In Ancient Egyptian religion, when the body died, parts of its soul known as ka (body double) and the ba (personality) would go to the Kingdom of the Dead. While the soul dwelt in the Fields of Aaru, Osiris demanded work as payback for the protection he provided. Statues were placed in the tombs to serve as substitutes for the deceased.
The Funerary Scene
Arriving at one's reward in afterlife was a demanding ordeal, requiring a sin-free heart and the ability to recite the spells, passwords, and formulae of the Book of the Dead.
In the Hall of Two Truths, the deceased's heart was weighed against the Shu feather of truth and justice taken from the headdress of the goddess Ma'at. If the heart was lighter than the feather, they could pass on, but if it were heavier they would be devoured by the demon Ammut. This scene depicts what occurs after a person has died, according to the ancient Egyptians.
Beginning with the upper left-hand corner, the deceased appears before a panel of 14 judges to make an accounting for his deeds during life. The ankh, the key of life, appears in the hands of some of the judges.
Next, below, the jackal god Anubis who represents the underworld and mummification leads the deceased before the scale. In his hand, Anubis holds the ankh.
Anubis then weighs the heart of the deceased (left tray) against the feather of Ma'at, goddess of truth and justice (right tray). In some drawings, the full goddess Ma'at, not just her feather, is shown seated on the tray. Note that Ma'at's head, crowned by the feather, also appears atop the fulcrum of the scale. If the heart of the deceased outweighs the feather, then the deceased has a heart which has been made heavy with evil deeds. In that event, Ammut the god with the crocodile head and hippopotamus legs will devour the heart, condemning the deceased to oblivion for eternity. But if the feather outweighs the heart, and then the deceased has led a righteous life and may be presented before Osiris to join the afterlife. Thoth, the ibis-headed god of wisdom stands at the ready to record the outcome.
Horus, the god with the falcon head, then leads the deceased to Osiris. Note the ankh in Horus' hand. Horus represents the personification of the Pharaoh during life, and his father Osiris represents the personification of the Pharaoh after death.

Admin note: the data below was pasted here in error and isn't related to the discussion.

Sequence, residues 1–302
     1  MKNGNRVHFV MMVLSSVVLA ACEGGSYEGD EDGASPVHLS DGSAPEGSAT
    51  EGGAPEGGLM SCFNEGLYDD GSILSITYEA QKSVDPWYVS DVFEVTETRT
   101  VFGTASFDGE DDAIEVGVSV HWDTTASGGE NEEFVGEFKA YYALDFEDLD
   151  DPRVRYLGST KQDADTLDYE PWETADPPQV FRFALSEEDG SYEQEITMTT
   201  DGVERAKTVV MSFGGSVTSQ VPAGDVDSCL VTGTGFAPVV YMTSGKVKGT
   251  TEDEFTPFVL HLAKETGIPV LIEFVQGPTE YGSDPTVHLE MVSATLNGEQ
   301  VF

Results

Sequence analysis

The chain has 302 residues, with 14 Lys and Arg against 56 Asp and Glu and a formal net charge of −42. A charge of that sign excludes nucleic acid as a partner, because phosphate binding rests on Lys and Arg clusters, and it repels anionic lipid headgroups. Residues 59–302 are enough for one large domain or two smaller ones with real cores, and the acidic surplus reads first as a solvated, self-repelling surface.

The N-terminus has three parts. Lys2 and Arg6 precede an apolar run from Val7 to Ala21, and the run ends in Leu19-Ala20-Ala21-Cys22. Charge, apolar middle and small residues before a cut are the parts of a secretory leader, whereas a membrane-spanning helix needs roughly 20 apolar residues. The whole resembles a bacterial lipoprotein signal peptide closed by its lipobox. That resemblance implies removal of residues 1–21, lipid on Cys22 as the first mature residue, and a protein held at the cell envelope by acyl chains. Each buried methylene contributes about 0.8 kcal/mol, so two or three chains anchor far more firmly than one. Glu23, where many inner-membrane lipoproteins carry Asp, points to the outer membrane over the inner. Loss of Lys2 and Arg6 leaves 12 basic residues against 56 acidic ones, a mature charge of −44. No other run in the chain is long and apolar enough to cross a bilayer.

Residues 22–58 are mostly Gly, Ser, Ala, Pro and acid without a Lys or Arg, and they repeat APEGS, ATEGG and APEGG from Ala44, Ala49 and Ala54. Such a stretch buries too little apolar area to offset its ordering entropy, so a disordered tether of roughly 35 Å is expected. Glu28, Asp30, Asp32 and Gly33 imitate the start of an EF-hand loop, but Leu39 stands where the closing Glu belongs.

Osiris, lord of the underworld, sits on his throne, represented as a mummy. On his head is the white crown of Lower Egypt (the north). He holds the symbols of Egyptian kingship in his hands: the shepherd's crook to symbolize his role as shepherd of mankind, and the flail, to represent his ability to separate the wheat from the chaff. Behind him stand his wife Isis and her sister Nephthys. Isis is the one in red, and Nephthys is the one in green. Together, Osiris, Isis, and Nephthys welcome the deceased to the underworld.
The tomb-owner would continue after death the occupations of this life and so everything required was packed in the tomb along with the body. Writing materials were often supplied along with clothing, wigs, and hairdressing supplies and assorted tools,depending on the occupation of the deceased.
Often model tools rather than full size ones would be placed in the tomb; models were cheaper and took up less space and in the after-life would be magically transformed into the real thing. Things might include a headrest, glass vessels which may have contained perfume and a slate palette for grinding make-up.
Food was provided for the deceased and should the expected regular offerings of the descendants cease, food depicted on the walls of the tomb would be magically transformed to supply the needs of the dead.
Images on tombs might include a triangular shaped piece of bread (part of the food offerings from a tomb). Other images might represent food items that the tomb owner would have eaten in his lifetime and hoped to eat in the after-life.
Life was dominated by Ma'at, or the concept of justice and order. Egyptians believed there were different levels of goodness and evil. Egyptians believed that part of the personality, called the Ka, remained in the tomb. Thus elaborate and complex burial practices developed.
The removed internal organs were separately treated and, during much of Egyptian history, placed in jars of clay or stone. These so-called Canopic Jars were closed with stoppers fashioned in the shape of four heads -- human, baboon, falcon, and jackal - representing the four protective spirits called the Four Sons of Horus.